The journey of the night [praying and worshipping at night] is unbearable except by the one starving, whose hunger perks him up. The legions of indolence assemble to clutch onto the tail of slackness, and so they embellish the beauty of sleep in the eye of the sleeper; adorn the comfort of the bed to the body, and picture the coldness of water as intimidating to abstain the body from performing wudu. However, as soon as a spark of strong will and endeavour is provoked, the path of worship becomes illuminated, thereupon the heart of certainty hears the call: “Is there anyone seeking anything so that I may fulfil it for him?” (Reported in Muslim 758)
At night, the breath of the devotee rapidly quickens due to his excessive effort in acts of worship. There is a concealed strength inside the worshippers while they beseech Allah’s forgiveness, indeed the crying of children is unlike the saying of men. Spending the night awake worshipping is the howdah of devotees; the breeze of the night awakes the eye of the thoughtful. You can see them laying down the mattress of Qais [i.e. awake due to their passion] and spending their night like the nights of al-Nabighah [an eloquent poet], if they sleep, they lay [their heads on] pillows of lofty aspiration, and when they rise, they get worried as if sleep took an oath to stay away from their eyelids. They remain standing, their feet bearing their weight all night, entitle night breeze approaches sleep, and the caller declares the death of darkness due to the nearness of dawn so that when the brunt of darkness is borne away by the break of dawn, they rush to lean on the rides of forgiveness.
The fragrance of late nights is the nourishment of souls whereby they become softened hence enjoying the sense of tranquility, cooling down the heat of their yearning and delivering their letters of love. He whose heart is in distress finds his tranquility and comfort when feeling the breeze, despite its disturbance. Yet, understanding the uttered words this breeze can only be understood by the one yearning [for his Lord], for conversation about lightning is only attractive to lovers [worshippers]. They seclude themselves, with the One Whom they love, inside the house of supplications, therefore He closes them with garments that indicate their connection to Him, and perfumes them with the scent of good treatment. Indeed, the late part of the night is too precious for words, so they receive the dawn while the signs of their nearness to Allah are apparent on them.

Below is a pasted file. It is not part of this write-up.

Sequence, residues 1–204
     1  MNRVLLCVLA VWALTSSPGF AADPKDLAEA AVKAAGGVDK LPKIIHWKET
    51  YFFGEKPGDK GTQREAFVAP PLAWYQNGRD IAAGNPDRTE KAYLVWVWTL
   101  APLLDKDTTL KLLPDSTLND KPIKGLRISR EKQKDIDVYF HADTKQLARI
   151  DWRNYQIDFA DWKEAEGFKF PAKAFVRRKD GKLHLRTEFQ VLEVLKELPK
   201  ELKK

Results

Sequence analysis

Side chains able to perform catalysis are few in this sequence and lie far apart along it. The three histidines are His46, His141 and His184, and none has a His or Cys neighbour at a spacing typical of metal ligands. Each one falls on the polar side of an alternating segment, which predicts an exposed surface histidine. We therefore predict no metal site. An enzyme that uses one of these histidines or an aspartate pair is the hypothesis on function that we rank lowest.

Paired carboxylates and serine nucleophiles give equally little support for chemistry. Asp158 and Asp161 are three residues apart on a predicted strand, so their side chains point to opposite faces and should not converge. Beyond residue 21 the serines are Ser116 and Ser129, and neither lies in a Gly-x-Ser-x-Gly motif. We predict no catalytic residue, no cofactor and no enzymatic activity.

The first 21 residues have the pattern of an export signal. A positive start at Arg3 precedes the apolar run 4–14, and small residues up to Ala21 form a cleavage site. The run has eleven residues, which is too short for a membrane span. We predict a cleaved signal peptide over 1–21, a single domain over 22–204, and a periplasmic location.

The odour of their worship smells out their clothes, leaving you, O you sleeping corpse, to grieve over your loss! O you, naked and heedless, weep, for you neither know how they spent their night nor are you aware of what has happened to them. How would the one whose heart is void know what transcends the one who heart is filled and attached to the one Whom he loves! The company of “their bodies forsake their beds” (al-Sajdah 32:16) has already departed before the arrival of the late night while the one cast away in the state of sleep is still locked in his cell of slumber. The jailor does not set the sleeper free until the worshippers reach their destination. The sleeper then gets up [hoping to catch up with them] so he starts seeking their traces in the city of Kufah [Iraq] while they have already commenced the state of ihram [in Makkah].
Hasan ibn Abi Sinan used to feign sleep until his wife would fall asleep so that he could get up and pray. When al-Rabi ibn Khaytham used to be in a state of distress, weeping and excessive worship at night, his mother used to say to him: ‘O son, have you murdered someone [because of which you are in such great distress and weeping]? He would reply: yes… I have killed myself.”
The mother of Umar ibn al-Munkadir [from the third generation, a pious worshippers from Madinah] used to say to him: “I wish to see you sleeping for one.” He said: “O mother, whoever witnesses the night looming over his head, while fearing dying in his sleep, should ought never to be able to sleep. O mother, when night comes I become too frightened, so it passes without having performed as much worship as I would have wished to.”
One of the ascetics was told: be gentle to yourself [i.e. do not exhaust yourself with excessive worship], he replied: gentleness is what I am after [i.e. seeking it in the afterlife]. Ummayyah al-Shami used to cry and weep in the masjid until his weeping became loud. The ruler of those regions sent him a letter saying: you are disturbing those who pray with your excessive crying and loud weeping so hold yourself back a little. When he read it he cried and said: The grief of the Day of Judgement has bequeathed me endless tears. I gain some relief by shedding some of them sometimes.
Seeds of Admonishment and Reform by Imam Ibn Jawzi Pages 47-50